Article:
Coronavirus: HSA says 800 workplace inspections carried out since May 18th
Authority claims ‘high level of compliance’ is part of the return-to-work safety protocol in meat plants
As an essential industry producing food, meat plants were not closed during the pandemic. Photograph: Getty Images
Some 800 workplace inspections, including in meat processing plants, have been carried out by the Health and Safety Authority (HSA) since the State began its first phase of reopening the country on May 18th .
There had been a “high level of compliance” as part of the return-to-work safety protocol, and employers were taking a “responsible and proactive approach” to health and safety measures during the pandemic, the HSA said on Thursday, based on initial analysis.
However, the authority had received seven complaints regarding four different meat processing plants up to May 20th, and was following up on the issues raised.
It said it was carrying out “proactive inspections” of other meat processing plants, and that the Department of Agriculture was also checking conditions in plants.
Some 103 cases of Covid-19 were reported on meat processing plants as of Tuesday, bringing to 925 the total number of cases in the sector.
As a member of the National Outbreak Control Team, the authority is “working to address the issue of outbreaks in meat processing plants, and has input from professionals in public health, environmental health, animal health and ourselves in relation to occupational health and safety”, a HSA spokesman told The Irish Times.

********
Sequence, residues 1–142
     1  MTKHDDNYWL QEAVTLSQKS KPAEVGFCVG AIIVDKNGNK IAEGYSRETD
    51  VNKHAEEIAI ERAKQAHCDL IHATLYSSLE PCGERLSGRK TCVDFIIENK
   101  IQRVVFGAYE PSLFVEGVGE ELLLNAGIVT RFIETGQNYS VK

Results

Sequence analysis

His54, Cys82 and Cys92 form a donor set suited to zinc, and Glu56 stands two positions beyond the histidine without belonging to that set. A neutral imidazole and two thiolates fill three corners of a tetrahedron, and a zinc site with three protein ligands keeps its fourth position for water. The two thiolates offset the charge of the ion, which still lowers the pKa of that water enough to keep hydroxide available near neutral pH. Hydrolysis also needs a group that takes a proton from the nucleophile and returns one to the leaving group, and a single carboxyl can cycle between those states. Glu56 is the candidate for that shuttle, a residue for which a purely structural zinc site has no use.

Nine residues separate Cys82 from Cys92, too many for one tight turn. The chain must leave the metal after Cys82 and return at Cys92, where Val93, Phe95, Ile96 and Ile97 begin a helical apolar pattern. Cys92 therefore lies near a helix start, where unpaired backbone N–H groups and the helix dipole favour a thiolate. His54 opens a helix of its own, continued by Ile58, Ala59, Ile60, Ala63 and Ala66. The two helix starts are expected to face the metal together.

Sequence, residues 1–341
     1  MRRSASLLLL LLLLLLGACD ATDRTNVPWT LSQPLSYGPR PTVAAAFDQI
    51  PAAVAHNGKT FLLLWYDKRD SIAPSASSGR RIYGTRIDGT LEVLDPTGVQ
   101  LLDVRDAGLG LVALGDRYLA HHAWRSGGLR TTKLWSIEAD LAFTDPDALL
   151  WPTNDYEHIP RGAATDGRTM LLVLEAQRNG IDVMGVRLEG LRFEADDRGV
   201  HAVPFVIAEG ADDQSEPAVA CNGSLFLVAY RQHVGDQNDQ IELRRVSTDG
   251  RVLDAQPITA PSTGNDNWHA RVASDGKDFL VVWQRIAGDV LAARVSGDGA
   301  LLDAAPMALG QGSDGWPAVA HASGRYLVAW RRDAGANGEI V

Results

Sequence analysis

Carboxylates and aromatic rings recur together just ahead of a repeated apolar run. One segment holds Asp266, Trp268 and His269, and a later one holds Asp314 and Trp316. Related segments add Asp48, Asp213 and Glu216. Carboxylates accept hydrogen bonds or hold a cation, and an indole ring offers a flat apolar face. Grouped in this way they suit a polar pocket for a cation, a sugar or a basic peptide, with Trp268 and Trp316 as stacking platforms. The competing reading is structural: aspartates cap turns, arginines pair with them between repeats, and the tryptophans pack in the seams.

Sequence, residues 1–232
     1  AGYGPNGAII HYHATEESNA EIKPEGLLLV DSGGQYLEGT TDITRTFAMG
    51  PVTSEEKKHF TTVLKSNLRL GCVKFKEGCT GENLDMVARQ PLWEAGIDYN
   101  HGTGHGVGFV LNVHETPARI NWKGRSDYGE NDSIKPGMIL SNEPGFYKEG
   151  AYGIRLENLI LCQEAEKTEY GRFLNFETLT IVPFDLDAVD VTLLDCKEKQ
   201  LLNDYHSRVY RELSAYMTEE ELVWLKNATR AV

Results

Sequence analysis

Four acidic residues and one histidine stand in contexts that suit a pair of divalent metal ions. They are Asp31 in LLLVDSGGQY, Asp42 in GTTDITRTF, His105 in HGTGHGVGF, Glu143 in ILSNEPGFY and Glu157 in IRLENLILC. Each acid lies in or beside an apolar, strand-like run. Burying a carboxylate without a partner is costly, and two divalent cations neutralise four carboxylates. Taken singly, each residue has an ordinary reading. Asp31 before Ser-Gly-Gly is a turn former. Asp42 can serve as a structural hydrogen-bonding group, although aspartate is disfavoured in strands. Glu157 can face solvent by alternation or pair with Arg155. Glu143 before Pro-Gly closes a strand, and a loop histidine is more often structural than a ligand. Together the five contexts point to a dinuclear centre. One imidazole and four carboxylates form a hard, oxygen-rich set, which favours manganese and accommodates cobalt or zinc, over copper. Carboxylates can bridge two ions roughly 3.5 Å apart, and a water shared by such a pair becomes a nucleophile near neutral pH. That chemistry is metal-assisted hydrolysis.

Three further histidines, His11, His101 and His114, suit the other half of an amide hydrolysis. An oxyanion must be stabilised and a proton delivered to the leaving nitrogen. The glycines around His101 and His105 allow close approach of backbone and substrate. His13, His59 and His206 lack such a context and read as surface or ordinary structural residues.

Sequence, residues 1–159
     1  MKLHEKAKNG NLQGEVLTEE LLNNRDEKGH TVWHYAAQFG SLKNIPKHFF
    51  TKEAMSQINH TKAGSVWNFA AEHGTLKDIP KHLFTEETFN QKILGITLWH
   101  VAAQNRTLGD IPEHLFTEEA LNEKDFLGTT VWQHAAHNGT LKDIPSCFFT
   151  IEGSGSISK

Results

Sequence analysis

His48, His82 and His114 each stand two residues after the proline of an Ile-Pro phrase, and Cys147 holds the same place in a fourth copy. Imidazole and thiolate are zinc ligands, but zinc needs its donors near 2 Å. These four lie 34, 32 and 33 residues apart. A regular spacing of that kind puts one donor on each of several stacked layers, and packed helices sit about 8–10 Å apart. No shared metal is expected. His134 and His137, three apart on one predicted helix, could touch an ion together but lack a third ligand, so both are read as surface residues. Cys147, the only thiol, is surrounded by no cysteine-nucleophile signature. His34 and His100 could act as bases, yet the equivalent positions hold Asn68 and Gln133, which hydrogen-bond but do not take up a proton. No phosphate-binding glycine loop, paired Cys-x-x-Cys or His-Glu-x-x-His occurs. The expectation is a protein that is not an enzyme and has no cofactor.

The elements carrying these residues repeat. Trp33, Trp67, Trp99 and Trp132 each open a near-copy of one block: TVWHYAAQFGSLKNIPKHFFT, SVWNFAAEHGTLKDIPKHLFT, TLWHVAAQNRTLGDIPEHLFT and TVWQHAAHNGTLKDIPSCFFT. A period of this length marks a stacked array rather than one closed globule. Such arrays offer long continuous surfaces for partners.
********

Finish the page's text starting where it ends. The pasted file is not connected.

He said the national and local outbreak control teams have been established to recommend steps and measures to ensure current and future outbreaks could be managed and brought under control as quickly as possible.
“The authority has no role in carrying out or arranging any diagnostic tests or medical examinations relating to the personal health of individuals in any workplace. Our role relates only to occupational health and safety in the workplace.”
Minister for Agriculture Michael Creed said last week that between 55 per cent and 60 per cent of staff in meat processing plants had returned to work. He said he did not agree mistakes had been made in the sector, and that it was an evolving situation, adding that outbreak control teams had the authority to close down plants if required.
Employees at meat plants work in prolonged close proximity to other workers, increasing the risk of transmitting the virus.
The rigid production lines, often involving, for example, a conveyor belt of pig carcasses on hooks passing along a factory’s “kill line”, mean that the nature of the work is at close quarters, involving repeated activity by hundreds of staff standing shoulder to shoulder.
As an essential industry producing food, meat plants were not closed during the pandemic.
Among the precautions taken in meat plants to curb the spread of the virus are reduced production by processing fewer animals, staggered working shifts and staff departures and arrivals, and reconfigured production lines, including installing partitions where possible to ensure workers maintain two-metre physical distancing.
The HSA said employers, workers and members of the public could access advice, guidance, templates and checklists relating to health and safety during the pandemic from the authority’s website.